Driving Mr. Daisy


If you thought riding in a car with someone who knows how to drive and gives you commands is difficult, try doing it with a 2-year-old who won’t even drive his own motorized fire engine. (He barely wants to ride in his friend’s awesome “blue truck.”)
You’re headed through a round-about: “Mommy! STOP!” No way, bucko.
You’re stopped at a red light: not just-turned-red-had-to-make-a-decision-pink/red but dump-truck-in-front-cars-going-nowhere-red “Mommy! Go Go GO!” Again, not happening.
As soon as the little driver feels the slightest tap of break he immediately shouts “Go Mommy!” and kicks his feet, Fred-Flintstone style.
He does love his car rides.
He’s so curious and verbal. He points out everything and ever since we turned his seat around, the world is his oyster, essentially.
Usual topics for car rides include: cars, busses, airplanes, tractors, trucks, fire engines, more fire engines, where are the fire engines, hay bales (yes, hay bales), cows, pigs (we’ve yet to see pigs while driving, but we mention them often), Oma & Daddo’s, Nona & Papa’s, My Daddy at work, I see trains (also, no trains around either), pretending to sleep, kicking Mommy’s seat… and the list continues.
Without fail, whenever we arrive at our destination, be it home or the store or anywhere in between, Bubba exclaims “I home now!”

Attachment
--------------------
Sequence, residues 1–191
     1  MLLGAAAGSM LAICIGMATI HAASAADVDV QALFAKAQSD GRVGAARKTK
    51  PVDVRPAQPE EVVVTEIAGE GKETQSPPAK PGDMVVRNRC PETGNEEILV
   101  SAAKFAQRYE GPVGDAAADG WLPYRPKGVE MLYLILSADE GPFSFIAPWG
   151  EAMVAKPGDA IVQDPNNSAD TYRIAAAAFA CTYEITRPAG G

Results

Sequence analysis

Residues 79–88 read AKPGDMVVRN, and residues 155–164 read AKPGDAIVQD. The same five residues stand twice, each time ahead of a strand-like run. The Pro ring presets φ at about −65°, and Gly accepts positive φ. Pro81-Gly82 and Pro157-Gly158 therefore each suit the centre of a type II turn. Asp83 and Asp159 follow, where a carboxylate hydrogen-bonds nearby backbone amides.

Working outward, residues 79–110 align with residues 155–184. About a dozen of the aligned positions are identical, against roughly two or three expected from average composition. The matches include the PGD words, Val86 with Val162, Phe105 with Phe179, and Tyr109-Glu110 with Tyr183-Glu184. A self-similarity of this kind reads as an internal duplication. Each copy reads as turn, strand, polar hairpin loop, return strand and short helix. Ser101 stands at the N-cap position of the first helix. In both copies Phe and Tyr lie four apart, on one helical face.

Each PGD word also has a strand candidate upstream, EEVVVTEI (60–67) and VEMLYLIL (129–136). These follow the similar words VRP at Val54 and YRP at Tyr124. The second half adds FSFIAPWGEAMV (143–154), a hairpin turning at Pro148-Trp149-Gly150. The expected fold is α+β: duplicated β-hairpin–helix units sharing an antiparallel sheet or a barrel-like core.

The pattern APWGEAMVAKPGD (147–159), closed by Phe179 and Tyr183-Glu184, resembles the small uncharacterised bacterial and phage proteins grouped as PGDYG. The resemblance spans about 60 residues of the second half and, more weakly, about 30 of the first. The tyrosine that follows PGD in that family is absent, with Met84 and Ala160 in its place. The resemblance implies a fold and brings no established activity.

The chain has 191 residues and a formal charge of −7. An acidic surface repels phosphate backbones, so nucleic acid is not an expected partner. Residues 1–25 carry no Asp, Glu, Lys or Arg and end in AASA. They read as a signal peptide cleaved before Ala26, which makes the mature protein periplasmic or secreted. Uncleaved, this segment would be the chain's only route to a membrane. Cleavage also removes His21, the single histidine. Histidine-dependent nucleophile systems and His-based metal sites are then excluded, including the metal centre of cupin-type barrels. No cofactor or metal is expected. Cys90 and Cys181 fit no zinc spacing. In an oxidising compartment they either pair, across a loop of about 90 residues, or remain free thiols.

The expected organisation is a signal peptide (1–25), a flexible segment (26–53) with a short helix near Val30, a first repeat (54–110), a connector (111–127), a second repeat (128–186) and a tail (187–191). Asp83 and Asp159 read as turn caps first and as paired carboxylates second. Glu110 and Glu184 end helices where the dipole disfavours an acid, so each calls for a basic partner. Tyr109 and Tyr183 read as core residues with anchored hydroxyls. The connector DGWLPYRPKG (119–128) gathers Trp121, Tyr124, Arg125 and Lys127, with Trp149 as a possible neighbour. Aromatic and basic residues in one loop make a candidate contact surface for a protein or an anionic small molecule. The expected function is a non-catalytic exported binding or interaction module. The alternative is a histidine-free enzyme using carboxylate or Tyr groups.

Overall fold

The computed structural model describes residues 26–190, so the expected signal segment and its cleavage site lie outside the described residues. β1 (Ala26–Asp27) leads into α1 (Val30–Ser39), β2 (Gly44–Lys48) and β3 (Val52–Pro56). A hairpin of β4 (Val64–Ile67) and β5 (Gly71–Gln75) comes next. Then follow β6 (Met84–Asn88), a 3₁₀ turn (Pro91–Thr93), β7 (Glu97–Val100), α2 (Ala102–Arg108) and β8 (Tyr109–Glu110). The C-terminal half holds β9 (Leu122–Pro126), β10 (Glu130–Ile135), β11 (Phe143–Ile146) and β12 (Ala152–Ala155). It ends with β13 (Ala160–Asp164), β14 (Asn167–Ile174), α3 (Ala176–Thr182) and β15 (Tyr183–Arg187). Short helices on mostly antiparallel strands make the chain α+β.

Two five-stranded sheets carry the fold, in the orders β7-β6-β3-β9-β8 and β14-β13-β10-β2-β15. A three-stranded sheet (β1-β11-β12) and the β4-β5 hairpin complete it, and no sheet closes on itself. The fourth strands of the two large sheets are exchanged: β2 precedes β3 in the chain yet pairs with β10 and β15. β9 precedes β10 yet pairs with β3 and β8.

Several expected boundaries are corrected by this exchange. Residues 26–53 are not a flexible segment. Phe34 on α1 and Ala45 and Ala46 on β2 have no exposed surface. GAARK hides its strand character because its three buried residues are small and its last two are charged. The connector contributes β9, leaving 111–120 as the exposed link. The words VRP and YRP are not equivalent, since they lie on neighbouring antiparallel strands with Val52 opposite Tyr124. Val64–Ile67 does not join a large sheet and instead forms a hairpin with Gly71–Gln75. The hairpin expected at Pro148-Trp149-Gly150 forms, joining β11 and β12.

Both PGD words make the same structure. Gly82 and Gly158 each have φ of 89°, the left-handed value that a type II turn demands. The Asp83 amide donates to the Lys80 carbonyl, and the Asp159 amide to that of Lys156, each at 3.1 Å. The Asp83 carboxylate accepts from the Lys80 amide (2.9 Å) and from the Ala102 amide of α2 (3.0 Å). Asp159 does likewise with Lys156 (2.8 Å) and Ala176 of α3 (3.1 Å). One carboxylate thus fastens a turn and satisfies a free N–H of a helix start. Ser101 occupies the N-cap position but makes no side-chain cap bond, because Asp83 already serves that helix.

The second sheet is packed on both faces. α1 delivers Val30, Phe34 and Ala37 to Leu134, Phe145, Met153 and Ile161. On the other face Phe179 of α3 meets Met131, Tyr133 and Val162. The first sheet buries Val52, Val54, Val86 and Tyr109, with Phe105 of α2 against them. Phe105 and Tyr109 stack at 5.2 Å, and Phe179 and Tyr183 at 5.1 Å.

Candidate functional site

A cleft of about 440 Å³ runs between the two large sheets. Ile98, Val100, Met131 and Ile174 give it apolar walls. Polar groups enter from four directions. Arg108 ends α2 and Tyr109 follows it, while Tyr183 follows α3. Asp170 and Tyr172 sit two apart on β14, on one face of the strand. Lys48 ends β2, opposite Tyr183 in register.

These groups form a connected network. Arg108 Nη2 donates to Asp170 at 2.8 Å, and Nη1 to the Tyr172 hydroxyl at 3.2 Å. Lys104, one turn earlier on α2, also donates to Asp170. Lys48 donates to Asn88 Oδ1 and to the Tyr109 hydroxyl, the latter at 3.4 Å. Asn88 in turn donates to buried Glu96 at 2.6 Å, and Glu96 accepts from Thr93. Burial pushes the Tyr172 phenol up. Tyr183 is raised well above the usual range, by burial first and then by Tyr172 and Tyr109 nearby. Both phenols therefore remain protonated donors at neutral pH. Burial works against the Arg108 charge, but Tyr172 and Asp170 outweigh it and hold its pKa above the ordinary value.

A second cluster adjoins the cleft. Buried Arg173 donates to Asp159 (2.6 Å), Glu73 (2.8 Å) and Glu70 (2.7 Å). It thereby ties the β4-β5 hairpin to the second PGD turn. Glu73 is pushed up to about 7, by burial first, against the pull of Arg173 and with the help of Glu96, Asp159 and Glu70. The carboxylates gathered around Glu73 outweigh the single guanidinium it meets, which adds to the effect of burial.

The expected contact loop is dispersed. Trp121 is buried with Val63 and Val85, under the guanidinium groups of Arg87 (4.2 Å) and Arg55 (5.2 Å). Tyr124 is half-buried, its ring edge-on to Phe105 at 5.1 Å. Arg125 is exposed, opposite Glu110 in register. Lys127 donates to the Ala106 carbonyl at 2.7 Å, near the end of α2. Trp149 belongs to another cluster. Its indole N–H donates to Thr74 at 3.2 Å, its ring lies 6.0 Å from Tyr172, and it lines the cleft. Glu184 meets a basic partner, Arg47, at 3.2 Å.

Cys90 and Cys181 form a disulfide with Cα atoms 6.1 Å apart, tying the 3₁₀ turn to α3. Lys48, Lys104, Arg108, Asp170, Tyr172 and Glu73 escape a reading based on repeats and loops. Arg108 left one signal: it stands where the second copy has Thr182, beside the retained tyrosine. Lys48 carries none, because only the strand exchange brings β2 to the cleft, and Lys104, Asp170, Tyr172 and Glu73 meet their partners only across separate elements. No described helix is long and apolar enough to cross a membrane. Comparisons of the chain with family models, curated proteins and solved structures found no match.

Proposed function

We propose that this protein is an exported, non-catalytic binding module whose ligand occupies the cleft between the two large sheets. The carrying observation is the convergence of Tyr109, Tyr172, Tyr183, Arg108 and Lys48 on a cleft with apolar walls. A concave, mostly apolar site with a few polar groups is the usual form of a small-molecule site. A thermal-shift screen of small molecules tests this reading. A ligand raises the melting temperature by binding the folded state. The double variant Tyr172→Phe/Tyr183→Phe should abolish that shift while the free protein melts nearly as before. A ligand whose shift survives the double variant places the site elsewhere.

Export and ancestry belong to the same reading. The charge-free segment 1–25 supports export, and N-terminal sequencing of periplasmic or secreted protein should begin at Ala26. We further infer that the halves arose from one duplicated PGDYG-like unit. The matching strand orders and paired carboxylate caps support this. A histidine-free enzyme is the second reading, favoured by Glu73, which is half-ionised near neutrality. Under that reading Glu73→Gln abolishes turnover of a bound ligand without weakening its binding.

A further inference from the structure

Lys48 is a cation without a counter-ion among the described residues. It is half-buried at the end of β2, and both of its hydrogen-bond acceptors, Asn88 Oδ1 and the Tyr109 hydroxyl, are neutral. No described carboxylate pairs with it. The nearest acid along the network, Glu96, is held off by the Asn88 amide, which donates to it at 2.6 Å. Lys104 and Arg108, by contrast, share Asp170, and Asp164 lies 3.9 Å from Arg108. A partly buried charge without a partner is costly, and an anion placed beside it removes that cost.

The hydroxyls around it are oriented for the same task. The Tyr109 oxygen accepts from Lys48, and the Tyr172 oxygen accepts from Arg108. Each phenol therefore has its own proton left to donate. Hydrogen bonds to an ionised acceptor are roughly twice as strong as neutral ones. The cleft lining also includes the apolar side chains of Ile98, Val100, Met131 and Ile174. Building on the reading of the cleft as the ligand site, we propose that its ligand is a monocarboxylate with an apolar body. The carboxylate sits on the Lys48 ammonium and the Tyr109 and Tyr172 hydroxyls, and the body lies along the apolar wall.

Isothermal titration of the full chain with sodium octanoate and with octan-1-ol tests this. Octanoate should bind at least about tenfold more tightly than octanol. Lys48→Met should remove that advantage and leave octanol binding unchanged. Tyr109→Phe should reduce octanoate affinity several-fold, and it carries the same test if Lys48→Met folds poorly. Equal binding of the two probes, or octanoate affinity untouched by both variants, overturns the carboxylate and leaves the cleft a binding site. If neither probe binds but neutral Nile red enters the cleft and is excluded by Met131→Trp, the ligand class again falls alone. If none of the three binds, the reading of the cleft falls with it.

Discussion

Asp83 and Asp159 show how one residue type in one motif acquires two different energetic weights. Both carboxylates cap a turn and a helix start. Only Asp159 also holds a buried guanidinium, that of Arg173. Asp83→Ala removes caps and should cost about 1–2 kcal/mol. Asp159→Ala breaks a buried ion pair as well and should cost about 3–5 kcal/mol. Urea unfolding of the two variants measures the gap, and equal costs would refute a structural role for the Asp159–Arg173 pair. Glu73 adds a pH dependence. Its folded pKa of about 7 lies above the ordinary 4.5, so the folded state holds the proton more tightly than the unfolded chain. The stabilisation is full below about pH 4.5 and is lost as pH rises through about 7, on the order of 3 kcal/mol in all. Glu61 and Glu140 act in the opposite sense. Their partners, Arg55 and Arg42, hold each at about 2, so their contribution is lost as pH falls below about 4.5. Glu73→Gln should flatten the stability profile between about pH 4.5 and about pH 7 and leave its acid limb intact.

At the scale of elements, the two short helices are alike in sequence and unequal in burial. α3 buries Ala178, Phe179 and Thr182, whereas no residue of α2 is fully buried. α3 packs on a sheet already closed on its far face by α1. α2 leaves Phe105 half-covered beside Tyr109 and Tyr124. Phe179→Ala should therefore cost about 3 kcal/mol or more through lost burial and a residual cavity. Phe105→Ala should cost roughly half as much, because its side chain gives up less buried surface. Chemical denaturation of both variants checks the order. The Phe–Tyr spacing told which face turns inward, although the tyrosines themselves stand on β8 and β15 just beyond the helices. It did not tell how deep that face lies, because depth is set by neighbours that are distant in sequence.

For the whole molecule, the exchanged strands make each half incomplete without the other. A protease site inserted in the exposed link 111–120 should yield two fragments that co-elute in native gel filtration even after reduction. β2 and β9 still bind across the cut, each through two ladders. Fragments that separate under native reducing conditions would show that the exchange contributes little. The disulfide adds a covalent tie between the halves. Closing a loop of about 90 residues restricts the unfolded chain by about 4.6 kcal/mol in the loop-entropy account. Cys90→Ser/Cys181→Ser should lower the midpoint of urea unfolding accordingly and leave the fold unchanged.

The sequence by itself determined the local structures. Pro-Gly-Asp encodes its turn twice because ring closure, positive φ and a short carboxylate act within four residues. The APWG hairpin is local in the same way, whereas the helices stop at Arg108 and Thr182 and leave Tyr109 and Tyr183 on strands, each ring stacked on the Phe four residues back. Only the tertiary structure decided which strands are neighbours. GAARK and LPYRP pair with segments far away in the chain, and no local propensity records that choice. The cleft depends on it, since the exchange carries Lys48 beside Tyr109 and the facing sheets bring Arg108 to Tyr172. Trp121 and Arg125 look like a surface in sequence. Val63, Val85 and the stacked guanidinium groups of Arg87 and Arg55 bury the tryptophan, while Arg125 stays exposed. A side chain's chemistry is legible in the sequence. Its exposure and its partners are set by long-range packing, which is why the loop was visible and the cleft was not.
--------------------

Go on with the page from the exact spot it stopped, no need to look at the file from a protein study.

How funny is that? Those three words, I home now show the complete and utter faith he has in us to take him to the right place and to keep him safe. When exactly do we lose that? Do you ever get somewhere and question if you’ve made it to the right destination? If you forgot something? How often do you check the GPS or Google Maps while you’re headed out to ensure you don’t miss a turn or an exit? I’ll be the first to admit that I have a little bit of travel anxiety. (As my family reads this, they snort at my use of the word “little”) Hush, I can hear you.
1) I don’t really like going somewhere new or with a crud-ton of people.
2) I don’t like getting lost.
3) I don’t like forgetting things.
4) I don’t like being late.

Funny how numbers 1, 2 and 3 often lead to the occurrence of number 4… Throw two kids into the mix and I can tell you I’m probably going to be late. I could start preparing to make it to a playdate yesterday and still barely make it on time today. Ugh, so frustrating. I’m here to tell you it’s okay. Now, I’m not saying to arrive 30+ minutes tardy to every event, but if now and then you rush in with your toddler in a football hold and the baby swinging along in the carrier, relax– take a breath, your friends aren’t going to shut you out of the playdate or lunch. If they do, then clearly, they’re not your friends. I’d advise against being late to a dance recital or a scheduled flight, but most other things, we’ll give you a pass most days. Also, don’t let the fear of being late or getting lost keep you from going to do something awesome. I’m working on this one. So, take a second to double check that buckles are fastened correctly, the right toys are within reach and that you know where you’re going. That will make you feel much more put together while you’re preparing to wrangle your toddler on a playground. No use sweating before you get to the playground.

Be Great,

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